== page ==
We cannot function effectively
when we are not properly related
to one another—that is, knit together in love and operating in our diverse and
many God-given gifts.
The Body—Our Relationships with One Another
As I have already noted, our physical bodies cannot survive apart from its many parts functioning in proper relationship to one another. The same is true of the mystical body of Christ. We cannot function effectively when we are not properly related to one another—that is, knit together in love and operating in our diverse and many God-given gifts.
1 Corinthians 12:12-27 describes the dynamics of the body.
Verse 12 affirms what we have already studied about Christ's body.
"For as the body is one, and hath many members, and all the members of that one body, being many, are one body: so also is Christ."
Christ is the head and is, therefore, a part of the body.
Verse 13 below sheds more light on the body.
"For by one Spirit are we all baptized into one body, whether we be Jews or Gentiles, whether we be bond or free; and have been all made to drink into one Spirit."
The baptism into the body of Christ takes place at the moment of conversion, where the believer is identified with the body of Christ. Baptism does not always mean "immersion"; rather, it symbolizes "identification." In reality, this is where the word baptism came from. A garment was "immersed" in dye, and when it was removed, it was then "identified" with the color of the dye. Therefore, when we embrace Christ, we are baptized into His body by the Spirit, and are "identified" with—one with—Him and His body, the church.
identification with Christ.
Verses 14-25 describe our need for one another. Read these verses carefully. They are very important.
"For the body is not one member, but many. If the foot shall say, Because I am not the hand, I am not of the body; is it therefore not of the body? And if the ear shall say, Because I am not the eye, I am not of the body; is it therefore not of the body? If the whole body were an eye, where were the hearing? If the whole were hearing, where were the smelling? But now hath God set the members every one of them in the body, as it hath pleased him And if they were all one member, where were the body? But now are they many members, yet but one body. And the eye cannot say unto the hand, I have no need of thee: nor again the head to the feet, I have no need of you. Nay, much more those members of the body, which seem to be more feeble, are necessary: And those members of the body, which we think to be less honourable, upon these we bestow more abundant honour; and our uncomely parts have more abundant comeliness. For our comely parts have no need: but God hath tempered the body together, having given more abundant honour to that part which lacked: That there should be no schism in the body; but that the members should have the same care one for another."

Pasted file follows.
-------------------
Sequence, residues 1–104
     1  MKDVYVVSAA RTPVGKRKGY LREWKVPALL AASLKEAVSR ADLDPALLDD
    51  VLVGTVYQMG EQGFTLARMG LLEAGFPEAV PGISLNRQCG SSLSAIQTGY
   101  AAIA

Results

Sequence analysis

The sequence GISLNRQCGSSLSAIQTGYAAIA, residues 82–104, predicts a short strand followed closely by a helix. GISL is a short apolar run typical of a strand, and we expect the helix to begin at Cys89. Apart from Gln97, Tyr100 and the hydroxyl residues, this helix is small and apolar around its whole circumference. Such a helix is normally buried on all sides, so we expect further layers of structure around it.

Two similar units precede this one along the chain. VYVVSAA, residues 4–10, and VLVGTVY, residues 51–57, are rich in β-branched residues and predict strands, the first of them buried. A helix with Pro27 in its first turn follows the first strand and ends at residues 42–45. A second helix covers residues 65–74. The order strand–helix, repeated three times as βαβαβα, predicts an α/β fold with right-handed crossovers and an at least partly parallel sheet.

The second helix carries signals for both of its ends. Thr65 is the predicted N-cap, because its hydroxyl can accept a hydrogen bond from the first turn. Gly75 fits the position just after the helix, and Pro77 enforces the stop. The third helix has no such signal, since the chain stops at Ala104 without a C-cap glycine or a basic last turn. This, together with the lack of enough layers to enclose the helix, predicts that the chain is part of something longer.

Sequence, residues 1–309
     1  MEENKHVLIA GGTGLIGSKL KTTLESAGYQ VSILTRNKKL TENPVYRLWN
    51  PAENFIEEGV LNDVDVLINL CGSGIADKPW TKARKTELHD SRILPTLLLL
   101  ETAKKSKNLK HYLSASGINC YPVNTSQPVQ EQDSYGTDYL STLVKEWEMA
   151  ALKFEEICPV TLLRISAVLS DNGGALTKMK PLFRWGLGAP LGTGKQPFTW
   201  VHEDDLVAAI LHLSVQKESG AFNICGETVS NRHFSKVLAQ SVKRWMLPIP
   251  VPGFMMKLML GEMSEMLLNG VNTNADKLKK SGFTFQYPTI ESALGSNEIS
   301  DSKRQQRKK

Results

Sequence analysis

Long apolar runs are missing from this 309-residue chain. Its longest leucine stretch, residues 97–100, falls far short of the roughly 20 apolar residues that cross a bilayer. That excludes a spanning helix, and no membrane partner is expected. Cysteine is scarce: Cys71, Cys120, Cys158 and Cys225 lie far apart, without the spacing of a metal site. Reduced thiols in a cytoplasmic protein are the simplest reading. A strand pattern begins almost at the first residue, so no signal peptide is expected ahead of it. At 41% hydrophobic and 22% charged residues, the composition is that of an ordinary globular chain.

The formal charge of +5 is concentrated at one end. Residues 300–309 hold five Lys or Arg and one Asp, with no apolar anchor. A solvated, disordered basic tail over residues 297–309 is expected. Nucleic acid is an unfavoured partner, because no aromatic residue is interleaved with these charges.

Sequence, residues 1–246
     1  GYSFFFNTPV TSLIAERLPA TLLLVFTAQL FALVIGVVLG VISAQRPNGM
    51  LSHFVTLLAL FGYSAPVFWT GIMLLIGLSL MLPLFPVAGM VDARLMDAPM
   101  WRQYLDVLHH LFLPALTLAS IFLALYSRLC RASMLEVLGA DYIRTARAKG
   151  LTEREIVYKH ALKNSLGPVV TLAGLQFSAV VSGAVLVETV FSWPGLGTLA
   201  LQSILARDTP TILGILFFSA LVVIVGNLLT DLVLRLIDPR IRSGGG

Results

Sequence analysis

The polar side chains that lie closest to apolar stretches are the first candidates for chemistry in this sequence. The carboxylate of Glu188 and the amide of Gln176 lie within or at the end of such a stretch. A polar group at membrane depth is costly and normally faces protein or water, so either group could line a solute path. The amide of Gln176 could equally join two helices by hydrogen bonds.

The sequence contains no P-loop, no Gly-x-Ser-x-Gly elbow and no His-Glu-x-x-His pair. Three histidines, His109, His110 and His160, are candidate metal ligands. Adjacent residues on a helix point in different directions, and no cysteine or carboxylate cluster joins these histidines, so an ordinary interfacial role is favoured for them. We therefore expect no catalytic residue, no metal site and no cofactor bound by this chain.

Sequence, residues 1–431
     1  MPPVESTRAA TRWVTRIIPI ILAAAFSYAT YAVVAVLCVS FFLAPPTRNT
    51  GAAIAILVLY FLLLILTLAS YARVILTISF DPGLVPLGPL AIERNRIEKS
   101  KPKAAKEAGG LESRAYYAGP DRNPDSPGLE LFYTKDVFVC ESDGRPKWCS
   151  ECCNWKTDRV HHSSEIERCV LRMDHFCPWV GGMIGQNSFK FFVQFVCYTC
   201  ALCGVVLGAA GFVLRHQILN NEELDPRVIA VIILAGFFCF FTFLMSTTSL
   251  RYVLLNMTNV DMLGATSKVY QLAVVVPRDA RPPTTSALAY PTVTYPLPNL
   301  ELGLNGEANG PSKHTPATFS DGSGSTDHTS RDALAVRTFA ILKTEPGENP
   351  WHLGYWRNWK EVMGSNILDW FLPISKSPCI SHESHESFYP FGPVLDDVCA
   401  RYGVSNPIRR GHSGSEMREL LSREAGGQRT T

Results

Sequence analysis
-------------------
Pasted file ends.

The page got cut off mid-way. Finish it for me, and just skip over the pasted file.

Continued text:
These verses metaphorically relate body parts to the presents (gifts) and presence each of us bring to one another. God created us to be related to one another. He has "tempered us together". The word "tempered" in verse 24 means "commingled, assim- ilated" in the Greek. He has ordained us to be an integrated body.
No half-way healthy human being
can live without relationships.
We only need to take
a look at loners
to see their lostness
and inner poverty.
Even when a missionary goes off to serve in an area where there are no other Christians, he or she goes there to add souls to the body of Christ for the Lord. No half-way healthy human being can live without relationships. We only need to take a look at loners to see their lostness and inner poverty. Our need for community is only heightened once we become a committed and involved member of the body of Christ. One of the first things Jesus did when He began His ministry was gather a small community of men and women about Him.
Certainly we cannot manage lots of best friends. Building relationships requires a great deal of time and emotional investment. There are those upon whom we rely more than others, but we must have a few Christian friends with whom we can tell anything and everything. These are those who will weep with us and rejoice with us and highly value us on our bad days as well as our good ones. And we must be that same kind of friend. This requires trust—a proving of ourselves that we are faithful, trustworthy and confidential. To have good, close friends we must also be one.
V. 26 gives us a description of what sort of body we are to be. It tells us that we are to be compassionate, unselfish, faithful and caring toward one another.
"And whether one member suffer, all the members suffer with it; or one member be honoured, all the members rejoice with it. Now ye are the body of Christ, and members in particular."
Romans 12:15 admonishes the body of Christ to rejoice with those who rejoice and to weep with those who weep. Hebrews 13:3 tells us to remember those in prison as though we were there with them and not to forget those who are treated cruelly, since we ourselves are in the body.
Have you ever noticed that when your back hurts your entire body hurts? There is not a comfortable position to be found. What Paul has written here by the inspiration of the Holy Spirit is that as members of the body of Christ we will hurt when others hurt. We will also celebrate the victories of others. We will care deeply about the members of God's family, especially those weaker and less honorable.
The body of Christ is
Jesus with skin on
for those in need.